Zoe’s Room by Bethanie Murguia only seems to be available in hardback, so it’s a bit expensive. But if sharing a room is the issue, it might be the perfect book for you. Queen Zoe resents having to share her bedroom kingdom with her little sister. Things do not go well until Zoe starts to see the advantages of having her little sister around. And if Queen Zoe strikes a chord, there are follow up books too. Lovely illustrations! (4-7yrs)
Dragon Was Terrible by Kelly DiPucchio is not specifically about siblings. But Dragon’s outrageous behaviour is not unlike a younger sibling (he scribbles in books, he burps in church and steals sweets). The moral of the story is to look past someone’s behaviour and try to understand their motivation (which is not always obvious). It’s about avoiding knee-jerk reactions and seeing the world from someone else’s point of view. A great conversation starter. And it’s also really very funny! (4-7yrs)
Gone Fishing by Tamera Will Wissinger is a bit different. It is written in verse and alternates between two different characters’ perspectives – big brother Sam and his pesky little sister Lucy. Sam is not pleased about Lucy tagging along on his fishing trip with Dad. Sweet and funny with brilliant descriptions, you could use this book to prompt conversations about sibling rivalry, poetry, families or fishing! Great for reading out loud and/or poetry fans. (4-9yrs)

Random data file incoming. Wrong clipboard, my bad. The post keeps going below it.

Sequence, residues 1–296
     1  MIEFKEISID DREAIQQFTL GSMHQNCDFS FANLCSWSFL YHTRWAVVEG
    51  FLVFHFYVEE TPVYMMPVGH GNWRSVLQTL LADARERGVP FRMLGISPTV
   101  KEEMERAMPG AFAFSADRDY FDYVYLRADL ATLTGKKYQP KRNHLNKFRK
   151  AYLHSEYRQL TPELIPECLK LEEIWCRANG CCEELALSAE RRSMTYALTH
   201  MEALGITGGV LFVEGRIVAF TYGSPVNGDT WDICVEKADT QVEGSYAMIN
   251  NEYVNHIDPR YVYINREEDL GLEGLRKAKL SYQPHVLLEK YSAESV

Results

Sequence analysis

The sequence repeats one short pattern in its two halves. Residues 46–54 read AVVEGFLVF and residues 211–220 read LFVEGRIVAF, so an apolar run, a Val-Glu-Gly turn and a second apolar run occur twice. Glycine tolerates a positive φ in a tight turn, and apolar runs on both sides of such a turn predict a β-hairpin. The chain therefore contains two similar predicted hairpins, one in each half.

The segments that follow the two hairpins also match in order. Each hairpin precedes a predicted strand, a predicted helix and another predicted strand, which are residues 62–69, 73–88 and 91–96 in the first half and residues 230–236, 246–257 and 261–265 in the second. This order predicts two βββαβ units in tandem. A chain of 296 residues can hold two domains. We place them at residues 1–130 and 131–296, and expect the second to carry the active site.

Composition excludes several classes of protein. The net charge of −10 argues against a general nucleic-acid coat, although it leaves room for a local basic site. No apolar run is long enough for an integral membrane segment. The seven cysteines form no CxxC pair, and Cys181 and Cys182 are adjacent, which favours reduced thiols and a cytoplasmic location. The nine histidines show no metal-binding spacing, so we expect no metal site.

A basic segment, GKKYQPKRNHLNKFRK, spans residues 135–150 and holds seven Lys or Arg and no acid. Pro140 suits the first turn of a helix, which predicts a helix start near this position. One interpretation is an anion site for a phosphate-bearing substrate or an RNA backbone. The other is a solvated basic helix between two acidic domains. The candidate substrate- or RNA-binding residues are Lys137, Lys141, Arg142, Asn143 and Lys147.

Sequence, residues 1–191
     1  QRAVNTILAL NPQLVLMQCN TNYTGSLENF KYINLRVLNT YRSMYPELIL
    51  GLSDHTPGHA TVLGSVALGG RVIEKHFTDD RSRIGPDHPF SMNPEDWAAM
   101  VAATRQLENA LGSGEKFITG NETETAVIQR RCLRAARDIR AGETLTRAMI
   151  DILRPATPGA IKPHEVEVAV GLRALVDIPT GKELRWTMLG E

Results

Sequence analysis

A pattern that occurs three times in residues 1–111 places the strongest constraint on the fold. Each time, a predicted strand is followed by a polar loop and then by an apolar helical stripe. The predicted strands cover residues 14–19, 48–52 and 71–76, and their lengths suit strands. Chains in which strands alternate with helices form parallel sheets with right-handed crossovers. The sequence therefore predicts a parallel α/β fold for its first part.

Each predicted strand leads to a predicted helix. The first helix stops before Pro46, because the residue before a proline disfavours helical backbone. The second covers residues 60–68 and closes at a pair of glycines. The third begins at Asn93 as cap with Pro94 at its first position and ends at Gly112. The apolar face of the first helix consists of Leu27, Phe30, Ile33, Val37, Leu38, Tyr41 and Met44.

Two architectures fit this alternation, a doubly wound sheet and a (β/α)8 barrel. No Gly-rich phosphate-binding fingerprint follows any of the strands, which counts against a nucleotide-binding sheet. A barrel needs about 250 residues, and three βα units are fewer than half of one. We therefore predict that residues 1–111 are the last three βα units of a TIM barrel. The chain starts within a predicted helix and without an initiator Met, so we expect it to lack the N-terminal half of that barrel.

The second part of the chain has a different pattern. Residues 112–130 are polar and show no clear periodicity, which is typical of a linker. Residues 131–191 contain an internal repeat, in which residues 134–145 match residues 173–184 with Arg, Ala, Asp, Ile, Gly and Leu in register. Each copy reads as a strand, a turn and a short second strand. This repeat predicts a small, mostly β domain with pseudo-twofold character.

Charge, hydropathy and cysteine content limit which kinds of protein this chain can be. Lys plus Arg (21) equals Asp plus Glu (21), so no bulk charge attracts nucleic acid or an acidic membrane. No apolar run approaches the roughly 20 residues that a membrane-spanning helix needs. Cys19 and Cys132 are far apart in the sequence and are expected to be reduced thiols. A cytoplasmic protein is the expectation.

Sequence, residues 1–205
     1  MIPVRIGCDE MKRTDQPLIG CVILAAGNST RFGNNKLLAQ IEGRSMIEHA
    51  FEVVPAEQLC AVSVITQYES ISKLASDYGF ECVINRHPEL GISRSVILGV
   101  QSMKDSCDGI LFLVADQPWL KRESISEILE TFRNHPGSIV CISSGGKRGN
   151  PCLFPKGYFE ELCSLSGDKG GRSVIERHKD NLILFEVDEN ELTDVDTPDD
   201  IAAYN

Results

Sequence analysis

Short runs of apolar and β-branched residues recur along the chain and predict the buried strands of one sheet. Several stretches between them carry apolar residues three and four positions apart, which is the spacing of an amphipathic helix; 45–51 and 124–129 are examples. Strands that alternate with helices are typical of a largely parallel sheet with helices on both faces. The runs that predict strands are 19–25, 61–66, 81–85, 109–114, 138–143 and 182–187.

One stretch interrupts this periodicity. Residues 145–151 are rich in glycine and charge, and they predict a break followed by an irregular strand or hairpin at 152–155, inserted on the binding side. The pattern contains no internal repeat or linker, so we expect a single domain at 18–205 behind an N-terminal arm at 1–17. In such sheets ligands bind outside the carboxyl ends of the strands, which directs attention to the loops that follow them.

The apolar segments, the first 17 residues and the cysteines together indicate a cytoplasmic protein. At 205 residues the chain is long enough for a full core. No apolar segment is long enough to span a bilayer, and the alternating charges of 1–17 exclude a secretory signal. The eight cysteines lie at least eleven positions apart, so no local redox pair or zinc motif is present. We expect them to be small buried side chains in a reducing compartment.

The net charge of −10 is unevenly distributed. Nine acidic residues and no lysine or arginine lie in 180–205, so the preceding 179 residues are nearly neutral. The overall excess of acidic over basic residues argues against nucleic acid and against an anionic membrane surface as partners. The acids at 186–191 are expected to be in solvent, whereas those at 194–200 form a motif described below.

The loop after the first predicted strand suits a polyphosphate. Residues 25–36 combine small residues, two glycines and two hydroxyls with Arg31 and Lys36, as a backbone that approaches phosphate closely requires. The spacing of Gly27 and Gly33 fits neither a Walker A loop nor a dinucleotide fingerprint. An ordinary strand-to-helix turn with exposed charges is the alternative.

Sister and brother Martha and Hal are relentlessly competitive (sound familiar?!). But when they find themselves in an unfamiliar situation during a walk in the woods, they start to co-operate and help each other. They learn that being first is not always the most important thing. The contrast between competitive and co-operative behaviour is a great conversation starter on how to be a good family team player. Me First is by Max Kornell. (5-8yrs)
The Pain and the Great One by the brilliant Judy Blume is a must-read book for slightly older children who can’t stop needling each other and competing for supremacy. An 8-year-old girl and her 6-year-old brother take turns describing each other (‘the pain’ and ‘the great one’ are their nicknames for each other). Their sibling rivalry plays out in a humorous and very real story and this is the first book in a series so there is a whole boxset if the kids like it! If that’s not enough, you’ll also find sibling rivalry themes in Judy Blume’s Superfudge. (6-10yrs)
Can’t find what you are looking for here? Try Best books to teach children social skills (2-7yrs) and Books for talking to children about emotions. And do leave a comment if there are particular books about sibling rivalry that have struck a chord with your children!
This is not a sponsored post, I wrote it in response to the questions I am frequently asked during my seminars and parenting clinics. However, it does contain affiliate links (which means that if you click through from this post and buy one of these books about sibling rivalry, I will get a small fee). For more info, see my Disclosure Notice.